Can you tell El Nino from La Nina? This interactive was created by UCAR Center for Science Education using satellite images of the height of the ocean surface. Students interpret these images to identify whether they represent El Nino, La Nina, or neither event (La Nada!).
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Examine a model and answer questions about dust transport around the world.
Students review the NASA video showing biosphere data over the North Atlantic Ocean as a time series animation displaying a decade of phytoplankton blooms and answer questions that follow.
This is the first of a four-part series on the water cycle, which follows the journey of water from the ocean to the atmosphere, to the land, and back again to the ocean. Students review the video and answer questions.
Students review a video showing a global view of the top-of-atmosphere shortwave radiation from January 26 and 27, 2012 and answer the questions that follow.
The world's ocean is heated at the surface by the sun, and this heating is uneven for many reasons. Earth's rotation, revolution around the sun, and tilt all play a role, as do the wind-driven ocean surface currents.This animation shows the long-term average sea surface temperature, with red and yellow depicting warmer waters and blue depicting colder waters.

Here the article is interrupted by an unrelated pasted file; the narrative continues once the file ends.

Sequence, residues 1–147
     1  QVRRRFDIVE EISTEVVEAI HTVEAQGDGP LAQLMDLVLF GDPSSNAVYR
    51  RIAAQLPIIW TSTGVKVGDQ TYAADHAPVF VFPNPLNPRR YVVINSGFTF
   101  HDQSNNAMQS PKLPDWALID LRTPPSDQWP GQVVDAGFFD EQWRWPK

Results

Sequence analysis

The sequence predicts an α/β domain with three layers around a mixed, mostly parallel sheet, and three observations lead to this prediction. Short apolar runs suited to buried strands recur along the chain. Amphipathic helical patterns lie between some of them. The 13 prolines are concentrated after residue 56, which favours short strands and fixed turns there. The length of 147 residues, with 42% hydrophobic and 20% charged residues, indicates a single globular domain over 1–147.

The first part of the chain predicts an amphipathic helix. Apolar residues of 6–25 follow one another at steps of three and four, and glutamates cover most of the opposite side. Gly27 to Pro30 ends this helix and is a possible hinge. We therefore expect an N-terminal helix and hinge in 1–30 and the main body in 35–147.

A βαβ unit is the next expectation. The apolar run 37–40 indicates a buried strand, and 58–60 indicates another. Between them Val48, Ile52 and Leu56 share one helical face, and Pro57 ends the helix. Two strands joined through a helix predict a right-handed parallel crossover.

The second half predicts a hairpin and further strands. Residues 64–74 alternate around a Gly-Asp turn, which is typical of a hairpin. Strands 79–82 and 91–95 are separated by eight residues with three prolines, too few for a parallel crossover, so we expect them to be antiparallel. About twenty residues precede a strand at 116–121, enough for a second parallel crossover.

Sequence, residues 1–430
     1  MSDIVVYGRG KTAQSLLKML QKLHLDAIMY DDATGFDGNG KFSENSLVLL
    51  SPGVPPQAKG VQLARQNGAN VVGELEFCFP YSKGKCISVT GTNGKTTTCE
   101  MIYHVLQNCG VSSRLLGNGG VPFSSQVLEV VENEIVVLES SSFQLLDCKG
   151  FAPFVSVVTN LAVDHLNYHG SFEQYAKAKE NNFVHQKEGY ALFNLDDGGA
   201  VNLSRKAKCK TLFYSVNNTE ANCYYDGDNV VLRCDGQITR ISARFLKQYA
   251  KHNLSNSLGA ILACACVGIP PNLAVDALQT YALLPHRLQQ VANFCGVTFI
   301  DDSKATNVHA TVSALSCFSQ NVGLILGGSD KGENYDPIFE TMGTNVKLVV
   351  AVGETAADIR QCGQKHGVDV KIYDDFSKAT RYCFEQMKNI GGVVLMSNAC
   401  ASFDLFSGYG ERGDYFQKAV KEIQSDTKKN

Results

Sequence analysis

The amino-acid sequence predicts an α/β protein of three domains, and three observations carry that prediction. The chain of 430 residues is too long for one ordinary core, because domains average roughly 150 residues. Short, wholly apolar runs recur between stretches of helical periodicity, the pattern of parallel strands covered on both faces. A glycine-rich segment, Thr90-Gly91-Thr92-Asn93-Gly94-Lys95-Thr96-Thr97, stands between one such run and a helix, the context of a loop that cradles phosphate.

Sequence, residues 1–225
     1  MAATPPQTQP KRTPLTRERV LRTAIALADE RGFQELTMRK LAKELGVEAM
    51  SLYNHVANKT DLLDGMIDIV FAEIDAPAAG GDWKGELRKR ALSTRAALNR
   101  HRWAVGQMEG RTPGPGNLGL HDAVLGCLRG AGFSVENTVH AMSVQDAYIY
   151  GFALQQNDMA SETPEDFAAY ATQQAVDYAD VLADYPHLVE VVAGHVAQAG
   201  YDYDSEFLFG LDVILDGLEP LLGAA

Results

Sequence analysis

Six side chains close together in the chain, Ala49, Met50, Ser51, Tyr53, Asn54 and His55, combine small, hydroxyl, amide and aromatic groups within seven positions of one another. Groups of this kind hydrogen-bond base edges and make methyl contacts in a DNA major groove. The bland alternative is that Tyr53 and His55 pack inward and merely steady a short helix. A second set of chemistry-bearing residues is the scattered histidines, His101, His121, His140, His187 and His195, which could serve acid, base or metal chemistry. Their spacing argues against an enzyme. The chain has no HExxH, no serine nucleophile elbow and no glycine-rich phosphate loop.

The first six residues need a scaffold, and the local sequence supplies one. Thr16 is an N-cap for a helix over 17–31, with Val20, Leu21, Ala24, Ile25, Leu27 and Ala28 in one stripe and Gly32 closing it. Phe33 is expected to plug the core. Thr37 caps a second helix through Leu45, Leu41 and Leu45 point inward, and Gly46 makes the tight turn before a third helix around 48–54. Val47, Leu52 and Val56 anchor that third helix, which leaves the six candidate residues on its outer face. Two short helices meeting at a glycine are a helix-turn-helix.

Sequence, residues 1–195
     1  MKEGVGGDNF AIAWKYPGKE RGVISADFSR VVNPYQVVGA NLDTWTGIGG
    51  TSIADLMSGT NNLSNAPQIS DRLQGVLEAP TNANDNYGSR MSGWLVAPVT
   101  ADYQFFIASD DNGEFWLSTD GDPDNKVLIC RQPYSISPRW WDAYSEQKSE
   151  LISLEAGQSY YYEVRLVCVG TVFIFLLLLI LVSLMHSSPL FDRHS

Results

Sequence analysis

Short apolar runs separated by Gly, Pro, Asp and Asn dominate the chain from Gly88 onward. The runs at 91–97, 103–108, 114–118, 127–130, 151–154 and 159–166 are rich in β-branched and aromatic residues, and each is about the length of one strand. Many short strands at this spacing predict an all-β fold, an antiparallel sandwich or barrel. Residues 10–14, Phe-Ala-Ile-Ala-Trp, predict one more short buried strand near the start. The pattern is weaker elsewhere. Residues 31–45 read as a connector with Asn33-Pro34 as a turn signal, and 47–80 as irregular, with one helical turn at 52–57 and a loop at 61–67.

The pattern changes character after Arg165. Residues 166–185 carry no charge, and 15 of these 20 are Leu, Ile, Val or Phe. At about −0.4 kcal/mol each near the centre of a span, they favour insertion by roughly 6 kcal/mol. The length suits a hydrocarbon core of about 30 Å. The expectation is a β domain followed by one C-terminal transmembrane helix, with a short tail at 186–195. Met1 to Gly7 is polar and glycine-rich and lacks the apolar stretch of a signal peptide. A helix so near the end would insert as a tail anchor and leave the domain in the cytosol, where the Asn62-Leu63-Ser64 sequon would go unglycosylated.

Students can interact with NASA data to build a custom visualizations of of local, regional, or global plant growth patterns over time. Use the Earth System Data Explorer to generate plots of satellite data as you develop models of this phenomenon.
See the following datasets in the Earth System Data Explorer:
Students will investigate the differences in sea surface height during an El Niño event by creating a model with gelatin, sherbet and whipped creme.
Learn how the JASON-2 satellite measures ocean heights for a variety of purposes including monitoring of El Niño.
Students will use coloring sheets to create a color coded model of El Niño. If the Data Literacy Map Cube is used with this, students should color their models first.